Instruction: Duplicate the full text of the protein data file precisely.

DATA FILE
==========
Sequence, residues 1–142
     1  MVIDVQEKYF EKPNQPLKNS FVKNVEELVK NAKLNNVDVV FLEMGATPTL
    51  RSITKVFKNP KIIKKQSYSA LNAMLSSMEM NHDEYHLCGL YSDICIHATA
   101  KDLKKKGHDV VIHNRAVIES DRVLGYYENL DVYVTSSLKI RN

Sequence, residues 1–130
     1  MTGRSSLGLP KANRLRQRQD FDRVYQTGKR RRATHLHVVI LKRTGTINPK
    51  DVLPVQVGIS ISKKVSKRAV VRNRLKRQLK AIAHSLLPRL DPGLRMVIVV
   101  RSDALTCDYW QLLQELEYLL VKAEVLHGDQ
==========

Sequence, residues 1–142
     1  MVIDVQEKYF EKPNQPLKNS FVKNVEELVK NAKLNNVDVV FLEMGATPTL
    51  RSITKVFKNP KIIKKQSYSA LNAMLSSMEM NHDEYHLCGL YSDICIHATA
   101  KDLKKKGHDV VIHNRAVIES DRVLGYYENL DVYVTSSLKI RN

Sequence, residues 1–130
     1  MTGRSSLGLP KANRLRQRQD FDRVYQTGKR RRATHLHVVI LKRTGTINPK
    51  DVLPVQVGIS ISKKVSKRAV VRNRLKRQLK AIAHSLLPRL DPGLRMVIVV
   101  RSDALTCDYW QLLQELEYLL VKAEVLHGDQ